Bulletproof glass, steel shutters and/or roll up covers, nothing short of an army is visiting for dinner.

Oh, and the rebar structure if grounded is one hell of a Faraday cage against EMP.  Build it underground, and, well, I'll let you figure the rest out. ;)

Offline archer

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Re: Best Kinds of Houses for Survival
« Reply #11 on: October 05, 2008, 06:43:44 AM »

There was a thread on ARFCOM on these, along with a crapload of photo's taken by the guy that was putting them up.  Start to "finish", they were amazing pieces of work.  Intense thermal mass, they coin the phrase "heat it with a candle, cool it with an ice cube".  If you can get past the initial build cost, these will literally last several generations. I've been drafting my dream homes since I saw my first dome at the world fair in '82.  Once I saw monolithic domes, 20 years of dreams suddenly changed.
Bulletproof glass, steel shutters and/or roll up covers, nothing short of an army is visiting for dinner.

Oh, and the rebar structure if grounded is one hell of a Faraday cage against EMP.  Build it underground, and, well, I'll let you figure the rest out. ;)

They are an excellent disaster resistant home. I've read stories about a news crews riding out a hurricane in Florida about them (http://www.domeofahome.com/), in SoCal a fire crew was going to shelter in one of they were overrun by a wildfire.
I'm not investigated their Faraday properties. I'll have to look that up.


dreadstalker

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Re: Best Kinds of Houses for Survival
« Reply #12 on: October 05, 2008, 08:14:45 AM »
Monolthic domes are indeed incredible. Just a litle out of my price range though unfortunately.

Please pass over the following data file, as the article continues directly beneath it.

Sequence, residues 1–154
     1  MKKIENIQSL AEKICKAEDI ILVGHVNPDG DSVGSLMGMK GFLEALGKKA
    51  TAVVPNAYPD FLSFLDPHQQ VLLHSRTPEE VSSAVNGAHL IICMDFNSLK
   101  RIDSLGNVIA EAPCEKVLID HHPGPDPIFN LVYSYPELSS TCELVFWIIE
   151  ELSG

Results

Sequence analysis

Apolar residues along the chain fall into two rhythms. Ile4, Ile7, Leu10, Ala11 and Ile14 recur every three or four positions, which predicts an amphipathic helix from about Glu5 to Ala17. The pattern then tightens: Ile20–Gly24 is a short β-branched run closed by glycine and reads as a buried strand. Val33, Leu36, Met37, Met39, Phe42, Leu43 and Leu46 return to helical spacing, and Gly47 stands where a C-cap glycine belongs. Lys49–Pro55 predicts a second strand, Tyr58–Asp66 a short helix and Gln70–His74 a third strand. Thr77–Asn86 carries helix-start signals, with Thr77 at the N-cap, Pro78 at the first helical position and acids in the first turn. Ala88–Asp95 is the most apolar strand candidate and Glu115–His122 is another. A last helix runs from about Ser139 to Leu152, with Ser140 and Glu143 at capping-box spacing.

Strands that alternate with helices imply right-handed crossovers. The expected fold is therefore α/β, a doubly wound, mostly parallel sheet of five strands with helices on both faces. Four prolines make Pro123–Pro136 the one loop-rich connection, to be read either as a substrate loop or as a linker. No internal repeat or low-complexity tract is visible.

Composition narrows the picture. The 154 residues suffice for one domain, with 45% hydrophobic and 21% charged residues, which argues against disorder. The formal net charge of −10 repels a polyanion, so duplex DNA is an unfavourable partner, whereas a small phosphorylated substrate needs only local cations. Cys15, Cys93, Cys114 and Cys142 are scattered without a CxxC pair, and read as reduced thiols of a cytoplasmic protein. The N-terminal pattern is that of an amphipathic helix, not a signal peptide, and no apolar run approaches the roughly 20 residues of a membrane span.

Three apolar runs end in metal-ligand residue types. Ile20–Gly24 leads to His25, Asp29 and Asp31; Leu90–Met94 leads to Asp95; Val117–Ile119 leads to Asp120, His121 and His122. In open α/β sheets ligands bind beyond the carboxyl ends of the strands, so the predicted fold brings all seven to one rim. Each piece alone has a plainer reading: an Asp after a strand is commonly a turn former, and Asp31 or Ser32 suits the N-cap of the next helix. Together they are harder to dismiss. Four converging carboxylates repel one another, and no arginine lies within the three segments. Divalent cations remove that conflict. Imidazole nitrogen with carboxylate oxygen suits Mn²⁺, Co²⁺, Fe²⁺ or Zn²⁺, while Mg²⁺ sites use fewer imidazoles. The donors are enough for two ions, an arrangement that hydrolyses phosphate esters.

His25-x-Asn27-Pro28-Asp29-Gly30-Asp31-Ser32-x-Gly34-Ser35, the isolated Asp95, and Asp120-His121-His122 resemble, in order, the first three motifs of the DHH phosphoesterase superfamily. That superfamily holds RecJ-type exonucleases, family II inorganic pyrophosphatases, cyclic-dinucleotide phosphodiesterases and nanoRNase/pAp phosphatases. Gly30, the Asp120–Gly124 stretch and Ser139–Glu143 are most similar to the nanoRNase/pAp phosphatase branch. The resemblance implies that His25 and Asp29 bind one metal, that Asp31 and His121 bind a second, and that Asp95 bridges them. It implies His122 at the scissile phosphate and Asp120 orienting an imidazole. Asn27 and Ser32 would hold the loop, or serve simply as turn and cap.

My thoughts lean more torwards , rammed earth , straw bale building , cordwood masonary and cob dwellings. For ease and simplicity in building the cob earth dwelling is a winner, as well as a rammed earth tire filled dwelling.
Both have great geo thermal mass and are chep to build.

Offline archer

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Re: Best Kinds of Houses for Survival
« Reply #13 on: October 05, 2008, 10:01:57 AM »
My plans for a dome are still in the 'dream' stage. I've looked into the cobb and straw bale houses, those have their appeal. Esp. since they use local materials and as you said, much cheaper and maybe easier to build.

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Re: Best Kinds of Houses for Survival
« Reply #14 on: October 10, 2008, 11:08:14 AM »
If anyone wants to see pictures of my brothers dome that is being built, PM me.

Offline ElyasWolff

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Re: Best Kinds of Houses for Survival
« Reply #15 on: October 13, 2008, 03:43:24 PM »


Big + 1 on the dome home.

Log cabins are well insulated and can be built with trees off your own land if you have the skills  ;D

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Re: Best Kinds of Houses for Survival
« Reply #16 on: October 13, 2008, 04:51:46 PM »
Nice dome home! Is that yours?

Here's a picture of my brothers dome after being sprayed (not dry yet):



kaiservontexas

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Re: Best Kinds of Houses for Survival
« Reply #17 on: October 13, 2008, 07:07:57 PM »
How much do the domes costs? How strong are they? Seeing those pictures has me very curious.

Offline TimSuggs

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Re: Best Kinds of Houses for Survival